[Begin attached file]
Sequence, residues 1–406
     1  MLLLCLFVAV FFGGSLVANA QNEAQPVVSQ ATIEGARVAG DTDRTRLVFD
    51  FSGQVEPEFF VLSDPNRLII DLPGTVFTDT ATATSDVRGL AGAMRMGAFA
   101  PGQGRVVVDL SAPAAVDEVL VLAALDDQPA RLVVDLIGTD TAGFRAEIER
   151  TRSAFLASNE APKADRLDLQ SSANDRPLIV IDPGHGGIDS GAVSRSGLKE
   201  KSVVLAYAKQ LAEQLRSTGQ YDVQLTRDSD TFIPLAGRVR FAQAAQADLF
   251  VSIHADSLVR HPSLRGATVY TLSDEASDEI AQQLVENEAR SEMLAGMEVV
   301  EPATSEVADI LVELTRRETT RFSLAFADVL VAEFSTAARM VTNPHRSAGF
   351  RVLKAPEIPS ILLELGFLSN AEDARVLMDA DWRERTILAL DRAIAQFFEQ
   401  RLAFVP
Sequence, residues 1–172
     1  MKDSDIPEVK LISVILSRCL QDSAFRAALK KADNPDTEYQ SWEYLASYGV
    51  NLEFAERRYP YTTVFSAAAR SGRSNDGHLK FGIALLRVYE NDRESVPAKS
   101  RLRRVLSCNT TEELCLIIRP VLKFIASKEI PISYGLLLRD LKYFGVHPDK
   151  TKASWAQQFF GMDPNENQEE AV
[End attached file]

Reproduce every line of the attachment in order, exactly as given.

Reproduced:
Sequence, residues 1–406
     1  MLLLCLFVAV FFGGSLVANA QNEAQPVVSQ ATIEGARVAG DTDRTRLVFD
    51  FSGQVEPEFF VLSDPNRLII DLPGTVFTDT ATATSDVRGL AGAMRMGAFA
   101  PGQGRVVVDL SAPAAVDEVL VLAALDDQPA RLVVDLIGTD TAGFRAEIER
   151  TRSAFLASNE APKADRLDLQ SSANDRPLIV IDPGHGGIDS GAVSRSGLKE
   201  KSVVLAYAKQ LAEQLRSTGQ YDVQLTRDSD TFIPLAGRVR FAQAAQADLF
   251  VSIHADSLVR HPSLRGATVY TLSDEASDEI AQQLVENEAR SEMLAGMEVV
   301  EPATSEVADI LVELTRRETT RFSLAFADVL VAEFSTAARM VTNPHRSAGF
   351  RVLKAPEIPS ILLELGFLSN AEDARVLMDA DWRERTILAL DRAIAQFFEQ
   401  RLAFVP
Sequence, residues 1–172
     1  MKDSDIPEVK LISVILSRCL QDSAFRAALK KADNPDTEYQ SWEYLASYGV
    51  NLEFAERRYP YTTVFSAAAR SGRSNDGHLK FGIALLRVYE NDRESVPAKS
   101  RLRRVLSCNT TEELCLIIRP VLKFIASKEI PISYGLLLRD LKYFGVHPDK
   151  TKASWAQQFF GMDPNENQEE AV